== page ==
Originally Posted by tsi88kid
Wouldn't cooking it medium rare or medium ease your minds a little more if you are worried about E Coli?
The "instant kill" temp for E. Coli
is 158ºF - so cooking a burger to Medium (160ºF) kills any E. Coli,
if present. Cooking to medium rare (145ºF) will not kill any E. Coli
. Since E. Coli
comes from fecal matter in the intestines ... it will only be present in cases of mistakes made in processing - and as long as the solid cuts of meat are not pierced - the bacteria will be confined to the surface of the meat. That is why boiling for 30-60 seconds before grinding will kill the surface bacteria - and make it safe to cook to 145ºF - medium rare. There is also a way to use chlorine or vinegar to do the same thing - I just have not found the time/concentration figures for these methods.
Remember - we're talking about ground/minced meat where the surface of the meat is mixed into the interior - not a steak where the surface will be heated above the "instant kill" point.
Originally Posted by StirBlue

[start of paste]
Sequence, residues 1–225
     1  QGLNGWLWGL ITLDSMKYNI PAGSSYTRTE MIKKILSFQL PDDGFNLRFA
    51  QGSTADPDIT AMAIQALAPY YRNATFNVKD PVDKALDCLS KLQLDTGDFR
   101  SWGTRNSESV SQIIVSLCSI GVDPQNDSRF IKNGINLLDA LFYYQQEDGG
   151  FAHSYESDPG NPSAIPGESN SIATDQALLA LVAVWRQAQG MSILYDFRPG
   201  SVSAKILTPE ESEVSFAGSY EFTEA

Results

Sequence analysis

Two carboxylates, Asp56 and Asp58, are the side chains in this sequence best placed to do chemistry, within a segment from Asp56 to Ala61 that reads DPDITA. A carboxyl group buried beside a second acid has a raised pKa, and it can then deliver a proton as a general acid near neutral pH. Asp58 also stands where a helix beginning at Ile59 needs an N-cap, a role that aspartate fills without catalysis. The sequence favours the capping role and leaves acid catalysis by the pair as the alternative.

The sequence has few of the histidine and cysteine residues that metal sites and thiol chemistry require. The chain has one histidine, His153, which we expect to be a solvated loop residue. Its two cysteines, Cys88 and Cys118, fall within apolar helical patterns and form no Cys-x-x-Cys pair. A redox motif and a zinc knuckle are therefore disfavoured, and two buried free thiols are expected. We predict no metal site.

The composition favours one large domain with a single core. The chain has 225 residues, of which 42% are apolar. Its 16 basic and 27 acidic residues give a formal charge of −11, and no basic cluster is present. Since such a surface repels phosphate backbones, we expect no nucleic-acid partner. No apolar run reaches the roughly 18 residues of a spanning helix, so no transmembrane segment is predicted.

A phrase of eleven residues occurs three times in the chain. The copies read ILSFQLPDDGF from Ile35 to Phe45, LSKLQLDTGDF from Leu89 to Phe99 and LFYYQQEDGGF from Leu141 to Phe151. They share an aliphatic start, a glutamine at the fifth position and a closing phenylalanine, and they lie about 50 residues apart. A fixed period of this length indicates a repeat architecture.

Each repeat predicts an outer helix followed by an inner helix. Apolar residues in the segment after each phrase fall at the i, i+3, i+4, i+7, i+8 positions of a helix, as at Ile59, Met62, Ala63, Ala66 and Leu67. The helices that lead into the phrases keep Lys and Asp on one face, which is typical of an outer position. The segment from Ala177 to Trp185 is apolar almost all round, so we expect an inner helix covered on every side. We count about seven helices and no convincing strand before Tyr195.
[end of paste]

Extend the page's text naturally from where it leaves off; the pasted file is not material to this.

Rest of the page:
There is one other thing that you have to take into consideration. Many people make additions to their burger meats like an envelope of dry onion soup mix. ...
This really goes back to what we have said before - 160ºF for "store bought" ground beef - 145ºF if you want to take the time and trouble to "sanatize" the surface and grind your own.
But, you DID
bring up an interesting point ... people who add an egg as a binder to make burgers ... the "instant kill" temp of salmonella
is 165ºF - you can also achieve the same goal by cooking the meat to 160ºF and holding it at that temp for a minute or two. Of course, if you use pasturized eggs you don't have to worry about it - and you can cook a burger to 145ºF without any worry.
The color of the meat, and the color of the juices, is NOT
an indication of the temperature or degree of doneness. Meat, and juices, may retain a pink color even when cooked to 160ºF, especially if the meat contains any sodium nitrites. I'm not going to go look up all the sources - but some dried soup mixes and fresh celery, bell peppers, onions and garlic contain them.